Readers will know that the Canadian AIDS Society (CAS) has had a turbulent year. It’s one that included a whistleblowing incident by three of its staff members, the resignation of its former ED, the loss of several founding member organizations and the controversial appointment of a new Executive Director. Add to that a substantial operating loss for the year and new ED Gary Lacasse has had his hands full. But he is determined to pull through with a new strategic plan, a break-even budget for the current fiscal year and a sense of optimism that is palpable.
Some viewed the recent scaled down CAS Forum and AGM in Winnipeg as a bit chaotic and disorganized (I was at the Forum but took ill and missed most of the action) but there was also general agreement that it was far less acerbic than in previous years.
Notably missing from both events were the Canadian Positive People Network (CPPN/RCPS). Over one year old now, and partnering with the Inter-Agency Coalition on AIDS and Development (ICAD), CPPN has filed an ICAD-sponsored letter of intent to apply for operating funding from the Public Health Agency of Canada (PHAC) through its Community Action Fund.
It has now been revealed that CAS offered to partner with CPPN in a similar arrangement, but that the CAS offer was declined by CPPN. CPPN has explained the reason for this and their absence from the Forum and AGM in a memo to its supporters. Here is some of what they say:
“On March 22, 2016, (CAS ED) Gary (Lacasse) and the Board of CPPN/RCPS held a teleconference about the upcoming CAS AGM and People Living with HIV Forum and the PHAC Community Action Fund call for proposals. During this call, Gary invited CPPN/RCPS to send one representative to the People Living with HIV Forum and that we would have about an hour to make a presentation to the people living with HIV in attendance. During the same call, Gary asked if we were interested in forming a “partnership” with CAS via a joint submission of a Letter of Intent for the PHAC Community Action Fund. He also stated that if we choose to move forward with the letter of intent partnership, we would need to sign a “non-disclosure agreement” with CAS.
We ended the call informing Gary that we work as a group at CPPN/RCPS, and that we would respond to him in the near future. On March 30, 2016, a letter to CAS was hand delivered to the CAS office in Ottawa by Vice-Chair Gord Asmus. This letter clearly states the reasons why we had declined both of Gary’s proposals.”
In its letter to Lacasse dated May 30, CPPN further clarified its position. “After careful consideration, the CPPN/RCPS Board of Directors respectfully declines your proposals at this time” they said. “The CPPN/RCPS, as you know, functions as a national Network of people living with HIV and HIV co-infections, and its Board of Directors works as a team. As such, we agree that accepting your offer for one space at this year’s PLWHIV/AIDS Forum is not conducive to our team dynamic. While we thank you for this offer, we would prefer to defer this space to one of our fellow positive peers from the CPPN/RCPS national membership base to participate as an individual and not as an official representative of CPPN/RCPS."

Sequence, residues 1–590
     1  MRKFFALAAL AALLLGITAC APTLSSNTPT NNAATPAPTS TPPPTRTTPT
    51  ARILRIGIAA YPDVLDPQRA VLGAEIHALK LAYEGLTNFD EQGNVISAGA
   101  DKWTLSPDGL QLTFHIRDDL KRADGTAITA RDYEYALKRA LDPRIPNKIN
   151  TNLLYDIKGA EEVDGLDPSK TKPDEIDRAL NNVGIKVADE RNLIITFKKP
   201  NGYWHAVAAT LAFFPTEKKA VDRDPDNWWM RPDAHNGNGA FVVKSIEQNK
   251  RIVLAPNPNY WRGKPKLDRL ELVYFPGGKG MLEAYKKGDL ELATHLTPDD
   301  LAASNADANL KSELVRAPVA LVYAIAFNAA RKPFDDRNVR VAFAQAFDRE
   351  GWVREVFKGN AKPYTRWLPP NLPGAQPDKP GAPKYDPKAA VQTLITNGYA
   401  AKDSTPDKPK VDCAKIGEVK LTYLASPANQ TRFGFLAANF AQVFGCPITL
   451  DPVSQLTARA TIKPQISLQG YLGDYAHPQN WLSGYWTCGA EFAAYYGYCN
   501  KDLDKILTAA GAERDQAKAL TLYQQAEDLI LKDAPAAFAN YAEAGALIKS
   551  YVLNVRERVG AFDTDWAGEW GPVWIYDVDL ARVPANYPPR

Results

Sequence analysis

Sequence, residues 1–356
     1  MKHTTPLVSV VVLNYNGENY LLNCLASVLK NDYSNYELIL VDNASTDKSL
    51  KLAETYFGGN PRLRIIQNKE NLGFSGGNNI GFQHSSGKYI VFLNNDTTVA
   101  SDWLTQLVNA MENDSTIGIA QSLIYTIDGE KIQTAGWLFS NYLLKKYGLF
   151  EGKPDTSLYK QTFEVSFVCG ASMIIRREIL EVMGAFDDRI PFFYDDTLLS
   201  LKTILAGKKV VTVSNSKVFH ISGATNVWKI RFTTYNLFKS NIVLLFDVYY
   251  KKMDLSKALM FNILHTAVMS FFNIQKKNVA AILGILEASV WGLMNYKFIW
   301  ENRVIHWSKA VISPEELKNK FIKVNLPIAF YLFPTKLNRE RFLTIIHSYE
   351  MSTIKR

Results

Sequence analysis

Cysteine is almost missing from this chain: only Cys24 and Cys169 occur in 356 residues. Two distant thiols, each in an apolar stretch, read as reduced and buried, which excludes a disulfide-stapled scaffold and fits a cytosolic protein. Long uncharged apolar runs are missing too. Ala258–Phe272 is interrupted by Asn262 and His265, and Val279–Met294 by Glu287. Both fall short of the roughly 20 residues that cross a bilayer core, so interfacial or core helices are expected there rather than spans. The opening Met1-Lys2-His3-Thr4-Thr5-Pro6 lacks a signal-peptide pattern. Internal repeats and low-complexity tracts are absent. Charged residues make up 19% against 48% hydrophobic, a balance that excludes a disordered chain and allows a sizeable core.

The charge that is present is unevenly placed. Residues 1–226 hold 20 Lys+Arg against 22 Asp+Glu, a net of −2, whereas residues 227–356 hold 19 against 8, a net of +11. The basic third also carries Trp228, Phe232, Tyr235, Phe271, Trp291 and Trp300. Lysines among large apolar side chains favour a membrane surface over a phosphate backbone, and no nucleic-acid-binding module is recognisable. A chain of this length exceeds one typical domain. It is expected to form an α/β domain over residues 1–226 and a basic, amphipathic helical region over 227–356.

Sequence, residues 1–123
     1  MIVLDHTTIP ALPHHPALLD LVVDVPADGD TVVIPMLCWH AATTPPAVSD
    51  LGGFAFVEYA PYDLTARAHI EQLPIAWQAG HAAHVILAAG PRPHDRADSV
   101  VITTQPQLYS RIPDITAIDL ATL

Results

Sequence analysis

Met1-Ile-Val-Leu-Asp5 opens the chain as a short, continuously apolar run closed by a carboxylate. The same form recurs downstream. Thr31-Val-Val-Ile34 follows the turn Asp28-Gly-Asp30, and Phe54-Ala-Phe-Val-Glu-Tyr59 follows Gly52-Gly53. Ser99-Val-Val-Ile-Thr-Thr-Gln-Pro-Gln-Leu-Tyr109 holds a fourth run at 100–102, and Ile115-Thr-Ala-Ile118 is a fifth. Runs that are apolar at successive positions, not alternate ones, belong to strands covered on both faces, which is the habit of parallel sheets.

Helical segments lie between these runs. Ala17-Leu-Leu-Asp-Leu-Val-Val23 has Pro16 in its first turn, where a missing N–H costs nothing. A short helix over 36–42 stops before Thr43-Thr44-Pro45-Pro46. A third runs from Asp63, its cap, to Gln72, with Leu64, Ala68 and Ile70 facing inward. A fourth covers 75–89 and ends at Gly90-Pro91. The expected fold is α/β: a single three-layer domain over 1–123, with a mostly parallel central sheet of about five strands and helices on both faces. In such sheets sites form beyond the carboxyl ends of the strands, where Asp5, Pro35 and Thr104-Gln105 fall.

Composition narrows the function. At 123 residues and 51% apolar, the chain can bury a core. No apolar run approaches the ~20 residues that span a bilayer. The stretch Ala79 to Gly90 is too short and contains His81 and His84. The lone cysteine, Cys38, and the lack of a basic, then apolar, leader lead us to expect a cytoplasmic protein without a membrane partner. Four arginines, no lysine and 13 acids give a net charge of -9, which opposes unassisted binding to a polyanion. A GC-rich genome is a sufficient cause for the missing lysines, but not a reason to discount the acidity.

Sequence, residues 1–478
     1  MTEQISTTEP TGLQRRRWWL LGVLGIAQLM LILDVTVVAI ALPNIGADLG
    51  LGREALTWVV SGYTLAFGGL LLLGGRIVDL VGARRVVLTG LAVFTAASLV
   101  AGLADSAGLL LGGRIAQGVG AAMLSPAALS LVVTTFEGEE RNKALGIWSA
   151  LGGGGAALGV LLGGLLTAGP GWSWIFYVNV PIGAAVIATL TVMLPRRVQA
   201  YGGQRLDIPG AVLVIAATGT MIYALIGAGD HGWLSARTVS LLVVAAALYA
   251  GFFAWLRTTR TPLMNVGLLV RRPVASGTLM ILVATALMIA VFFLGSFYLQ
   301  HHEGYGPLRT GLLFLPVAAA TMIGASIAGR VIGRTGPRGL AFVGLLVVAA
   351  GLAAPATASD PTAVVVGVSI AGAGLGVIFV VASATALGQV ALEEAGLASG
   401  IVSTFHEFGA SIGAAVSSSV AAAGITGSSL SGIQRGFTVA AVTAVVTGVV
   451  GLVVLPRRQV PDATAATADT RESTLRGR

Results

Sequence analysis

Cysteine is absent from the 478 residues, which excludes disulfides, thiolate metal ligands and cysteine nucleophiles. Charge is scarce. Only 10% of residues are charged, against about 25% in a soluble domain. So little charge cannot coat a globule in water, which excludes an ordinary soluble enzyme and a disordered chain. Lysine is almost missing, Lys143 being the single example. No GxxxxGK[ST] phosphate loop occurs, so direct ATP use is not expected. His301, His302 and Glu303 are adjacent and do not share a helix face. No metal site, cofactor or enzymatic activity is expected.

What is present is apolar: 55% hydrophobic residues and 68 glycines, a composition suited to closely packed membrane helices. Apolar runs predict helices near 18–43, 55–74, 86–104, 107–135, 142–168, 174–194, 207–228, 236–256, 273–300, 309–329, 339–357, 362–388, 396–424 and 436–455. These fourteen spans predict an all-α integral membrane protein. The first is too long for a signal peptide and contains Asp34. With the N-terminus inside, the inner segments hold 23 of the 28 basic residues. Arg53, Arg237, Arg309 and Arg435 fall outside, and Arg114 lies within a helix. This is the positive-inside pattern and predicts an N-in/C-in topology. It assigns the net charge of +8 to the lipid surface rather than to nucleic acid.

"Our work is intentionally transparent and we function with openness with and on behalf of our members as a national network."
The CPPN letter to CAS goes on “The Board of Directors also considered very carefully your suggestion that any potential partnership in/for the Letter of Intent process would be contingent on a non-disclosure agreement between the CPPN/RCPS and the Canadian AIDS Society. Our work is intentionally transparent and we function with openness with and on behalf of our members as a national network. So, we agree that considering this partnership condition would represent a contradiction in terms of the CPPN/RCPS values”
What does PositiveLite.com think? The CPPN decision not to enter into a partnership agreement is less controversial than the CPPN’s decision to absent itself from the Forum. In doing the latter it gave up the opportunity to hear the concerns of people living with HIV from across Canada while further increasing its profile and, potentially, its membership base. That's a lot it gave up. It’s therefore understandable that community reaction to these apparent lost opportunities has been mixed. But it’s also apparent that the CPPN team is highly principled, values its independence and is still learning. Thus PositiveLite.com joins with others who continue to support their decisions.
In the longer term, and as the new kid on the block, it would be unwise of CPPN to close the door on working with any national partner, particularly one such as CAS, which although weakened in influence, retains a significant national membership of community-based agencies.
But CPPN does not seem to have closed the door on CAS. In its letter to them, CPPN says “We wish the Canadian AIDS Society the very best moving forward, and we will look forward to future opportunities for our respective groups to find common ground for collaborations.
What do you think?